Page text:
Meteorologically speaking the crossing from India to Indonesia was phenomenal. I had forgotten what the tropics were like when the weather is agreeable. The air is soft and light, the humidity comfortable and the ocean a mirror image of billowing clouds and indescribable sunsets. Just seeing clouds, endless vast arrays of them, was such a pleasant change from the daytime haze and evening murk of the Arabian Gulf.

But most delicious of all was the rain. Sweet water deluges that in two hours took care of the sand problem it would have taken the day men a week of constant pressure washing to rinse off. Every square inch of the ship was cleansed making for great painting conditions. I was thrilled not only to have saved the man hours but to see a cloudy day with no sun, cool winds and visibility inhibiting squalls. Changes in weather are so welcomed at sea where the monotony of a high pressure system, or worse, a rollicking low makes the body, eyes and mind grow weary.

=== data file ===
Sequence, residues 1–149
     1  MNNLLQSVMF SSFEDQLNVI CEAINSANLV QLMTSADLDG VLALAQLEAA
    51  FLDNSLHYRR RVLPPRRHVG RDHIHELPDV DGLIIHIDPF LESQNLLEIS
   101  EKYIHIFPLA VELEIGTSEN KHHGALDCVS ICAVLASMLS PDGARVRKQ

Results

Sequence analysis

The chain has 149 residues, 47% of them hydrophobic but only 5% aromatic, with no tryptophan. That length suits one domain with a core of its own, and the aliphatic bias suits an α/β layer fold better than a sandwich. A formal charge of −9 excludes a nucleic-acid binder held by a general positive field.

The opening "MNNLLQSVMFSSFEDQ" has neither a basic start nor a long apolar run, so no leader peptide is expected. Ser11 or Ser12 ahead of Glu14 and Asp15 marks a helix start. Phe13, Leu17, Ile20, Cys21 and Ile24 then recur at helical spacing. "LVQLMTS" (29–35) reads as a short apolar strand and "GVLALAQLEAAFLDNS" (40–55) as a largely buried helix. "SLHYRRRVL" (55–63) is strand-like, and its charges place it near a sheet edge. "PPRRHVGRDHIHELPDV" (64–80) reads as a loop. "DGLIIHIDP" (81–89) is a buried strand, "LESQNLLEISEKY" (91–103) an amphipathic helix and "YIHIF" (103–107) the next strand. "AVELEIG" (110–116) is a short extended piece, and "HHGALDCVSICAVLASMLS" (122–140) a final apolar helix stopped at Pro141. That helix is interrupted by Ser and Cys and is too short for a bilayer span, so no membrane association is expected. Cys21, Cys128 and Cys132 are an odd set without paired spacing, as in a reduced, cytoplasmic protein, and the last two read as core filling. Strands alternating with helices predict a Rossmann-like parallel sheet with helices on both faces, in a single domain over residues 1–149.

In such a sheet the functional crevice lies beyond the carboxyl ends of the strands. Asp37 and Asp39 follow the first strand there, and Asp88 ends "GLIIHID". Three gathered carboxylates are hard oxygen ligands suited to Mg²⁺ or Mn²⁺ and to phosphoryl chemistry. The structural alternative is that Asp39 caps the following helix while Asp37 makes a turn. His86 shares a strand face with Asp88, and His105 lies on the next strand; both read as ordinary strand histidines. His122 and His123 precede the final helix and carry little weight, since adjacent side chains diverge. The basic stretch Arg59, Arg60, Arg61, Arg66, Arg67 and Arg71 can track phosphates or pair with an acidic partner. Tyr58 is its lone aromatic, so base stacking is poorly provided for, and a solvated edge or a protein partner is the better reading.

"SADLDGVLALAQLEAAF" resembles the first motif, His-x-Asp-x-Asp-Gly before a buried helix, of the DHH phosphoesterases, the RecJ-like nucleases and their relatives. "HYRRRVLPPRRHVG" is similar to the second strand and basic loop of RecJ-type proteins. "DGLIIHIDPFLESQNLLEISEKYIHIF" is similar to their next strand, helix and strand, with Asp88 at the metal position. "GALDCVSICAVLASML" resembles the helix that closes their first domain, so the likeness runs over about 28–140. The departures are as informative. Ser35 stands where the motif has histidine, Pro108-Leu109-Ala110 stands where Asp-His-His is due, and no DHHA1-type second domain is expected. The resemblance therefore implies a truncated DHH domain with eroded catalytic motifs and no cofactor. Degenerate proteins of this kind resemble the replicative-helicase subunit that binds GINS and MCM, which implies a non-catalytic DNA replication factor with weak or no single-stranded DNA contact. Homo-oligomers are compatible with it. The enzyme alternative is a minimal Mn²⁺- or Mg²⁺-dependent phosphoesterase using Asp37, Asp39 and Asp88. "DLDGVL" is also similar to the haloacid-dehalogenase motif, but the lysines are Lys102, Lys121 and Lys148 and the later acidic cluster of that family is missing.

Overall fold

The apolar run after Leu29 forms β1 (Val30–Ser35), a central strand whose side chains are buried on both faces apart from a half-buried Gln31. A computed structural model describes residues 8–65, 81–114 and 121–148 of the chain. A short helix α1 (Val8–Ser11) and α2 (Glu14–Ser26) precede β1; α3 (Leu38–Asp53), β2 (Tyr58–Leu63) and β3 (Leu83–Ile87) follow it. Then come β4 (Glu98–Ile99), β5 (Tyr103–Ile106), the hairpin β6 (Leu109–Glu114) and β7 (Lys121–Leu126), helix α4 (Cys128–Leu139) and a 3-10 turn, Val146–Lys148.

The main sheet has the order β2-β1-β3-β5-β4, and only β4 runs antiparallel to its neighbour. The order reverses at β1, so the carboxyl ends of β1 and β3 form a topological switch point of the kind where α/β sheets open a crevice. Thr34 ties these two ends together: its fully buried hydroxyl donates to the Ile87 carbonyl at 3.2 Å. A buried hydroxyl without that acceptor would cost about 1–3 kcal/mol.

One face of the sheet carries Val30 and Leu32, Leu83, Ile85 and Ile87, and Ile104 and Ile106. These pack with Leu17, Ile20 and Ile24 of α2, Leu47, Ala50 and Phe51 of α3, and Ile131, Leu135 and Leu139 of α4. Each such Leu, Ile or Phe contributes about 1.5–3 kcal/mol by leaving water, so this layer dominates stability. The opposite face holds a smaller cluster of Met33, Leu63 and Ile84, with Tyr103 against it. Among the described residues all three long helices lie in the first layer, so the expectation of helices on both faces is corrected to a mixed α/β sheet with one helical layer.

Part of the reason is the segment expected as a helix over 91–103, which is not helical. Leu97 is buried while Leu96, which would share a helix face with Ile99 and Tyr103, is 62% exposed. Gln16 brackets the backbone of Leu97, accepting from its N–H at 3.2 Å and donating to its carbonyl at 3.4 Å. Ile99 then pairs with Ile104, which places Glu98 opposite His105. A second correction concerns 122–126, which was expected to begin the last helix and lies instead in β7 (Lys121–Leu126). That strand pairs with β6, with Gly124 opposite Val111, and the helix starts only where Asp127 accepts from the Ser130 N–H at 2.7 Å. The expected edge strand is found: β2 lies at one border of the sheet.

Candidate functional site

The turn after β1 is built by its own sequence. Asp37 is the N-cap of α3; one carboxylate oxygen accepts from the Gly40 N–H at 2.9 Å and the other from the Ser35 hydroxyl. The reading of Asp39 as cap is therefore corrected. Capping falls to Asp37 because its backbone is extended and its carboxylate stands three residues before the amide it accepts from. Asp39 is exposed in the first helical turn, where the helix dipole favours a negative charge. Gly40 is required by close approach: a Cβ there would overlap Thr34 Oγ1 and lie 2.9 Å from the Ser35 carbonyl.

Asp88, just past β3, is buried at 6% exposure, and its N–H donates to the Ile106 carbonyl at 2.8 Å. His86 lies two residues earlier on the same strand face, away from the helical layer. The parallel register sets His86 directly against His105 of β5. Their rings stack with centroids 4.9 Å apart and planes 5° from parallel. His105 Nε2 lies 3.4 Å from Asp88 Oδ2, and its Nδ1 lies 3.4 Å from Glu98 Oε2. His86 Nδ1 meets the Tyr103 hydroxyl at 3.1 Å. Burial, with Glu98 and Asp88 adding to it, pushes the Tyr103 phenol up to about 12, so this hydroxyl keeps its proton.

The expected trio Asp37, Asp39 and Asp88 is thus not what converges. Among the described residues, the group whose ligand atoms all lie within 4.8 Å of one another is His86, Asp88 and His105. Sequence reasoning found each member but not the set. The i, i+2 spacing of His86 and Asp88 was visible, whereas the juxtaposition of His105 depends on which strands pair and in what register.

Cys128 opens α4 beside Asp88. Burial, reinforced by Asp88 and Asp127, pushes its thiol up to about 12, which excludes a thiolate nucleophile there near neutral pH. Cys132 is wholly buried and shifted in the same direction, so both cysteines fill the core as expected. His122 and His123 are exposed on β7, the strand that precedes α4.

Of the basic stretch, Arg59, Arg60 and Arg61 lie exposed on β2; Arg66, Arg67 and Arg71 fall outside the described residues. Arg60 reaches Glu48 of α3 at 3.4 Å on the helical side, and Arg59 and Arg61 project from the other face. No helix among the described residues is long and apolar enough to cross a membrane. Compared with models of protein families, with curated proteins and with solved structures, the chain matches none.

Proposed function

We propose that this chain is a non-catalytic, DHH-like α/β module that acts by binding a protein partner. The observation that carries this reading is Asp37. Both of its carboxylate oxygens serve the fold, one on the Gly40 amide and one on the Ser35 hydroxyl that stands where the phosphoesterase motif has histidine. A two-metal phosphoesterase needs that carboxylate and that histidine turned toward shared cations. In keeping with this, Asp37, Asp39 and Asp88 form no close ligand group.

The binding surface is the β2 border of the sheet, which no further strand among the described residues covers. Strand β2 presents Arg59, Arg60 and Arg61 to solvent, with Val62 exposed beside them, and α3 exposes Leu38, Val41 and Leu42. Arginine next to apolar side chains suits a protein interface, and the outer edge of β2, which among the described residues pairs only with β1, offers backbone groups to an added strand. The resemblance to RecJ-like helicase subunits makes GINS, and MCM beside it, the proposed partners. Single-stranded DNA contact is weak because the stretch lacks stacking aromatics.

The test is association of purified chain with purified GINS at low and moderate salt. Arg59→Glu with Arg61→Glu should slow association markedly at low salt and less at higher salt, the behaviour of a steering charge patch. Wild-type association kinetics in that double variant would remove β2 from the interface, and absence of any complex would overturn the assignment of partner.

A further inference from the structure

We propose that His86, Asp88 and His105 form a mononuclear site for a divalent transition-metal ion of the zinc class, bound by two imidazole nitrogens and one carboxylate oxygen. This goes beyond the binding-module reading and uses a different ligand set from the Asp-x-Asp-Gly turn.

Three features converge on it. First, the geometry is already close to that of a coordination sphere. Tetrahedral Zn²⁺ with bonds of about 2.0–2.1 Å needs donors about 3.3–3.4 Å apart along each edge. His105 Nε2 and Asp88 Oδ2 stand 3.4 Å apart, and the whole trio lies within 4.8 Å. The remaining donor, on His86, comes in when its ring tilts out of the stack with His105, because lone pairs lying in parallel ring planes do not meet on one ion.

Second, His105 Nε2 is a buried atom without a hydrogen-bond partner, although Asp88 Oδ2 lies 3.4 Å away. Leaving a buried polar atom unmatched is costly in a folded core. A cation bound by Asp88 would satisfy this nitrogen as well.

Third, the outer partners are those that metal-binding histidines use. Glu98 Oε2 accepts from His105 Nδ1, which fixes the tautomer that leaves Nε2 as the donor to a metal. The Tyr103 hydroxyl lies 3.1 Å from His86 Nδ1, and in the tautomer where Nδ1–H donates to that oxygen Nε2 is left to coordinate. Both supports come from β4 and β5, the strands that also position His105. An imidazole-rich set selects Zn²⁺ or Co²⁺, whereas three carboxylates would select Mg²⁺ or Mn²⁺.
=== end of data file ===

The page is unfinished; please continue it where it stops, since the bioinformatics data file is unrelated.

The ship is in ballast which means there isn’t a single metric ton of cargo onboard and the salt water ballast tanks are full. This also means that the cargo holds, vast parking garage like chasms, are completely emptied which is the perfect state for one of my favorite pass times, organizing. Doing so in the cargo holds involves corralling the lashings, stowing them by type in metal bins and stacking those bins in strategic locations depending on what kind of cargo goes where.

Roro cargo is a beautifully efficient stowage system when it comes to anything that can be loaded onto a trailer, towed or driven onboard. Containers surely take the prize for speed of handling but there are certain things like out of gauge / over height vehicles and equipment, automobiles or very long pieces that do not fit well or weigh too much for the typically rigid limitations of a TEU; such as rail cars, yachts or heavy mining equipment.